HONOLULU — In February, Island Air announced it was increasing its flights to and from Lihue Airport.
The airline said it would be offering eight daily round trips between Lihue and Honolulu, two more than previously available. This was after Island Air returned its service to Kauai in March 2016.
“The added flight service is in response to growing demand from our customers and travel partners and also reflects the improved operational efficiencies of the new Q400 aircraft that are being phased into our fleet,” said David Uchiyama, president and chief executive officer of Island Air.
On Monday, Island Air announced it was filing for Chapter 11 bankruptcy protection.
The move is “an effort to continue normal operations while navigating through legal challenges recently presented by the lessors of its aircraft. The bankruptcy filing was caused by threats of legal action to ground the aircraft and strand hundreds of passengers. The filing prevents the threatened action and allows Island Air to continue interisland service for its customers,” a press release said.
Island Air currently offers about 200 flights each week between Oahu, Maui, Kauai and Hawaii Island, and employs more than 400 individuals throughout the state.
It has been facing financial challenges.
Island Air recorded a $2.6 million loss during the first quarter of this year, which was an improvement from a $4.3 million loss during the same time period last year. It was the airline’s 16th straight quarterly loss.
Island Air’s operating expenses increased to $14.8 million in the first quarter, a 44 percent increase from $10.2 million in the first quarter of 2016.
Mark Dunkerley, CEO of Hawaiian Airlines, in a January 2016 meeting on Kauai, defended his airline’s fares and said other airlines had looked at providing service between the islands and had opted against it for one main reason: Cost.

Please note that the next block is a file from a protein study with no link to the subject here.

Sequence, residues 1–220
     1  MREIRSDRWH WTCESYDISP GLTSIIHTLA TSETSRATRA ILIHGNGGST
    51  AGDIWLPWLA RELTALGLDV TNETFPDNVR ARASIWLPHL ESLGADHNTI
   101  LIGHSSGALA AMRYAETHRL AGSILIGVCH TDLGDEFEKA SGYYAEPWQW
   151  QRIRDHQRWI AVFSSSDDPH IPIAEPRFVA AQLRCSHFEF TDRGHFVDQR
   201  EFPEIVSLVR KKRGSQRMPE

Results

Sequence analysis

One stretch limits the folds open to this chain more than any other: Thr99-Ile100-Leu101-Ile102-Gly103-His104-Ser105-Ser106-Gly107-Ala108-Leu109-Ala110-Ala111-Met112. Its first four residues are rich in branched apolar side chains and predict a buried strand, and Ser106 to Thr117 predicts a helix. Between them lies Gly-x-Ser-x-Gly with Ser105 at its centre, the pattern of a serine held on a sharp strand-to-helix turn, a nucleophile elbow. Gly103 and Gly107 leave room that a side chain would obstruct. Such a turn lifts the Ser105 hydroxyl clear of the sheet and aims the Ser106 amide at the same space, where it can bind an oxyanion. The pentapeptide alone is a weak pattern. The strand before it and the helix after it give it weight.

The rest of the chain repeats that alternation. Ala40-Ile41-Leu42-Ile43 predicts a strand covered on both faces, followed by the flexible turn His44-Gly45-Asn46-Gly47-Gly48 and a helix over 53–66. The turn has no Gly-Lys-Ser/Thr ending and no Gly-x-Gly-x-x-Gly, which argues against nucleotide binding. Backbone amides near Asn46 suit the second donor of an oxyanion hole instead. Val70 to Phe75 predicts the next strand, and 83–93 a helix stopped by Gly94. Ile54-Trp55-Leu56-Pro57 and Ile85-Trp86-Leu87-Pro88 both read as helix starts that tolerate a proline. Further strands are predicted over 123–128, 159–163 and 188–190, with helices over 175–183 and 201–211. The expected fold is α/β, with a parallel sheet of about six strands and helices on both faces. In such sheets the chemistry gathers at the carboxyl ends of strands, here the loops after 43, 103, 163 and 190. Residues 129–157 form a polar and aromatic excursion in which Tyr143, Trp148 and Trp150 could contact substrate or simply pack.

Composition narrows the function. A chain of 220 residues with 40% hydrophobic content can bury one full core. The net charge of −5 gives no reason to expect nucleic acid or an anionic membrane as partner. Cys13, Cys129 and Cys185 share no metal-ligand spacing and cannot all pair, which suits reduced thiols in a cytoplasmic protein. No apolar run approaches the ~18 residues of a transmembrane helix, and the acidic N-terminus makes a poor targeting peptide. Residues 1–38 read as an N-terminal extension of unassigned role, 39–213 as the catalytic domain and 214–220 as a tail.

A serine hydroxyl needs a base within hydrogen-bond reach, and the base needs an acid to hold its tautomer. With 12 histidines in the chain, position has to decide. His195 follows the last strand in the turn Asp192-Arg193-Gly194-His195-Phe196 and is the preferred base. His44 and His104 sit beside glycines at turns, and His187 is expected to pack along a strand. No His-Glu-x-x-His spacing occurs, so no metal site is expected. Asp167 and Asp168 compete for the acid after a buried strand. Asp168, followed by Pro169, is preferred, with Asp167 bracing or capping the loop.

“They don’t find the prospect all that appealing,” he said.
Island Air narrowed its 2017 first quarter loss while revenue rose, making this the airline’s highest quarterly revenue since before 2013.
In the first quarter of 2017, Island Air flew 172,200 passengers, more than double the previous quarter’s figure of 75,102).
In the second quarter of 2017, the airline earned $12.5 million in revenues, its highest quarterly revenue in more than a decade.
During the reorganization process, Island Air expects to fly its scheduled routes as normal and honor all previously purchased tickets and confirmed reservations. There will be no changes to the Island Miles frequent flyer and other customer service programs.
“Continuing to operate under the protection of the United States Bankruptcy Court will allow Island Air to maintain its service to its customers, provide continued employment to its more than 400 valued employees, and ensure a revenue stream so its vendors are paid,” the release said.
In January 2016, Hawaii-based investment company PacifiCap acquired controlling interest in Island Air from Ohana Airline Holdings, LLC, which is wholly owned by Oracle corporation founder Larry Ellison.
Founded in 1980 as Princeville Airways, the company was renamed Island Air in 1992 and has been serving Hawaii for 37 years.
“Once we have completed the reorganization process, Island Air expects to emerge as a stronger airline with a solid financial structure that will allow us to continue to meet the demands of Hawaii’s dynamic interisland market, while positioning us for future growth and expansion,” Uchiyama said.